Senior Content Writer
Here’s the thing about social media: the vast majority of people are not there to find a new engineering company. They’re there for fun, to keep up with friends, the news — perhaps even industry news — and in many cases, expecting to see content that interests them.
They’re not looking for some stat that shows how your SaaS platform makes businesses 67 per cent more secure. They’re looking for stories. Something to read for a few minutes before moving on with their day.
But companies can still do good social media — though the first that come to many people’s minds are B2C. Let’s read some tweets for context.
Denny's posts a weird joke about bread.
Wendy's pairs its never-frozen beef claim with the Frozen 2 trailer discussion.
And Old Spice and Taco Bell get into a polite conversation.
Alright, so it’s one thing for Denny’s to post jokes, Wendy’s to get in on the Frozen 2 trailer hype, and Old Spice to sass Taco Bell, but these companies can all afford to go a bit risky on a large scale, because they’re targeting a general public that’s, ultimately, down to watch fast food duke it out with deodorant — and of course, in the context, Old Spice and Taco Bell are both in on the joke.
So B2B Is Different, Right?
In many ways. You’re targeting people in professional contexts, and while that doesn’t mean you can’t have any fun, it does mean that the damage a bad approach can deal is a whole lot harder to mend.
You’re dealing with far fewer, far more valuable leads than “anyone who might want a burger about now”, and losing one because your Twitter account is acting immature is likely far worse than the vanity metrics on a viral tweet are good.
But what these brands are still doing, at the heart of it, is telling their story. In cases like Old Spice, they’re emphasizing the offbeat brand image they’ve already spent time building. In others, like Denny’s and Wendy’s, they’ve created a whole new story and personality that may even be at odds with a more wholesome, traditional idea people may have of the companies. But they gave it a shot and it worked.
And there are plenty of other examples of good corporate social media that aren’t going the edgy route — what ties them all together is that same idea: telling their stories, not just pushing their products.
How To Do Good B2B Social Media
Okay, so let’s discuss what you’re really here for: how to do good B2B social media.
Tell Your Story
Every company has a story. You could be a 100+ person SaaS operation, a small, 10-person Managed Services Provider, or anything in-between or beyond.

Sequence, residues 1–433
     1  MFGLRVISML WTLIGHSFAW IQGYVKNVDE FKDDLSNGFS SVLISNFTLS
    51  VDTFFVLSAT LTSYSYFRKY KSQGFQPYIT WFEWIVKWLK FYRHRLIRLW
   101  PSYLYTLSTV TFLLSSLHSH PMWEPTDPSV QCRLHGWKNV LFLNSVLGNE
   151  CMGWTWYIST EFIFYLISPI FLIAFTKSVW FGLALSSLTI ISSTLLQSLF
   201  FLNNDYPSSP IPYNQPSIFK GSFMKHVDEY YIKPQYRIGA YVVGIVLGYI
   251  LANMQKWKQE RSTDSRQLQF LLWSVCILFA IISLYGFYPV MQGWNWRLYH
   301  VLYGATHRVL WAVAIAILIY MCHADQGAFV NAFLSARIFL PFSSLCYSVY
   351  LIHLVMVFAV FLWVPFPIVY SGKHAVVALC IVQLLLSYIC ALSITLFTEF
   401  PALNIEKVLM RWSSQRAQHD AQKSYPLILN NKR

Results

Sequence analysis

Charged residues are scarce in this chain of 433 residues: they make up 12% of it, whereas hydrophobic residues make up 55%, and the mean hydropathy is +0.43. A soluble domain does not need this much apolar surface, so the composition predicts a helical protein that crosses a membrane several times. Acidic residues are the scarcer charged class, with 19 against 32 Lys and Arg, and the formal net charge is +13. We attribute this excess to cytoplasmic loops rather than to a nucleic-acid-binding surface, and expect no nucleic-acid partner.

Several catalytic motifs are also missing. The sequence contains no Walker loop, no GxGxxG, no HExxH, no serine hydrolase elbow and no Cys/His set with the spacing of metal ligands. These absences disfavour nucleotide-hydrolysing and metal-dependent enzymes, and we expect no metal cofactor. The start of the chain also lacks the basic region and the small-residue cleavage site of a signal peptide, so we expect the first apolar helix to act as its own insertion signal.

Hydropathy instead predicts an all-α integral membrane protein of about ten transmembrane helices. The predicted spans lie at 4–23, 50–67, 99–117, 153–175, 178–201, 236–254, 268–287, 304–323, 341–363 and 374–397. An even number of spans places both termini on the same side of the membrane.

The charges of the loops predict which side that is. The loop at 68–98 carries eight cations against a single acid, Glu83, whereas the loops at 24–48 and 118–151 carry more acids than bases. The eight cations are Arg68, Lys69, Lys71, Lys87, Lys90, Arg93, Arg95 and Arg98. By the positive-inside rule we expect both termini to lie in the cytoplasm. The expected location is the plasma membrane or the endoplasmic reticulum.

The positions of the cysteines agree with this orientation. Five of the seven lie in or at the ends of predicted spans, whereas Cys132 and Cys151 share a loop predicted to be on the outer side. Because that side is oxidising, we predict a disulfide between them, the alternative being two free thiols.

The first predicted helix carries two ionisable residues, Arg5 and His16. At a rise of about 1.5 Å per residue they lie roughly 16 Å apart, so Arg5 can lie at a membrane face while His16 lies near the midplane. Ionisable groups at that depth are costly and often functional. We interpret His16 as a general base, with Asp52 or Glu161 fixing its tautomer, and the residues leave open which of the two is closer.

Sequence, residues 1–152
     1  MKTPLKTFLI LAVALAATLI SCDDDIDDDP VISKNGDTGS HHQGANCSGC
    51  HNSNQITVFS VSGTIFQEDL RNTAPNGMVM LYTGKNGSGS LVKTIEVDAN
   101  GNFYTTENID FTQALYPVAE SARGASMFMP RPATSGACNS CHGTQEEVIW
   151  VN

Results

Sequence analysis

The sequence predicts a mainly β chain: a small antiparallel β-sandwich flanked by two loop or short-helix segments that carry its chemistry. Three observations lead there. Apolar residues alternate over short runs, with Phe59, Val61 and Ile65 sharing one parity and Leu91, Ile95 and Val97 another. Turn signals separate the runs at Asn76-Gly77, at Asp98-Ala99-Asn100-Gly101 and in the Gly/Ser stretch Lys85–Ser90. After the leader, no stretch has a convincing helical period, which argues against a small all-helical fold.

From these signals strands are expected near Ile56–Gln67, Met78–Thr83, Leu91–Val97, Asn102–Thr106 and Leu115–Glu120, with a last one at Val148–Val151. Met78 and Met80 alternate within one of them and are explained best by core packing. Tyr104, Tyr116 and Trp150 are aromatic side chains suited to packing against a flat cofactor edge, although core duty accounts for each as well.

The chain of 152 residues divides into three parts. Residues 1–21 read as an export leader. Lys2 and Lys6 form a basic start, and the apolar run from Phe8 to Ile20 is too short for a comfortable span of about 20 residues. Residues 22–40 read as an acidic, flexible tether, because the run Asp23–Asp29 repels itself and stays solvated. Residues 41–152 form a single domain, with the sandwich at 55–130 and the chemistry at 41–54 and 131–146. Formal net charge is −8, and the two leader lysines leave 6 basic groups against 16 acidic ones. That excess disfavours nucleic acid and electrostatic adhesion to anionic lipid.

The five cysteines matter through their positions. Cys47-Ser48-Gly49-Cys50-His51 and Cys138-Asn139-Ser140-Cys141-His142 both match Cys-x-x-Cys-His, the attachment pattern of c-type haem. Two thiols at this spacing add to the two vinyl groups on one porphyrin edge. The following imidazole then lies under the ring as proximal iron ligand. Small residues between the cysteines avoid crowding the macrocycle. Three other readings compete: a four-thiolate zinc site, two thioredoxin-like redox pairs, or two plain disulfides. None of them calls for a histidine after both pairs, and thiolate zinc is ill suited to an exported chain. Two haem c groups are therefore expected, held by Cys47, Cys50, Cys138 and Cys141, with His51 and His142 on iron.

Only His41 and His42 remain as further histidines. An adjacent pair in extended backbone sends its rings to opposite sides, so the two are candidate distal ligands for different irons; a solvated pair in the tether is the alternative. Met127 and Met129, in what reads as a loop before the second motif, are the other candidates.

Whatever it is, you have talented employees, smart leadership, and you’re helping other businesses succeed. You have day-to-day triumphs, contacts who look to you for guidance, and possibly a local business community you’re in-tune with. You’ll have attended conferences or trade shows, seen your product work wonders — and maybe you’ve seen it fall short and had to adapt.
Go ahead and auto-publish those blog posts. Even better, write up specific posts to promote your content. But a salesperson wouldn’t stop after emailing a pitch deck. They’d talk up how awesome the company is and explain about all the amazing people ready to get to work with the client’s problem. They’d be talking about all the ways the product has helped others.
Consider your social media additional proof that all the nice things the sales department is saying are true. Involve the people on your team. Show them off. Share good news. Be a little fun. If you treat your social media like you want to see some strict ROI on every tweet: you’ll fail.
It’s “social” media. What makes this platform unique from traditional media is the ability for anyone to respond to anything. You’re not a press release machine pumping out rigid information in the hopes that someone bites — you’re a friendly, accessible, helpful resource.
So act like it. Don’t just add fifty dead hashtags and call it a day. Go a little deeper. Prompt conversations by asking your followers questions. If you don’t have enough to get anything going, actively track down people and companies with problems or asking their own questions, and get yourself involved in those discussions.
No one responded to your blog? Respond to someone else’s and build your brand.
And this is where you might also want to go beyond just a corporate account. Get your sales reps, perhaps some of your marketing experts, actively engaging on social media — at least on LinkedIn.
Remember: above all, be helpful. The majority of your posts should not be actively trying to sell a product. People aren’t on social media to be sold to. But if you demonstrate your value, they’ll be a lot more likely to give you the time it takes to write 280 characters.
Quick B2B Social Media Tips
Want some quick ideas? Sure!
- Profile your in-house experts on a rotating basis and gush about how awesome they are
- Local business, or prospect of any kind posts something you can help with? Get involved!
- Office potluck? Post some photos and show off your culture!
- National Pet Day? And you have a pet-friendly office? That’s social media gold!
- Your team just earned a major win? Write up a quick post and celebrate!
- Attending an event? Give a trusted attendee the credentials, a pep-talk, and just let them loose!
We can help you develop a better B2B social media strategy that tells your story too! And a lot more besides. We've helped more than 70 B2B companies across Canada and the US achieve their growth goals through a smart mix of inbound marketing and sales. Get in touch if you're looking to take your B2B company and undergo aggressive growth.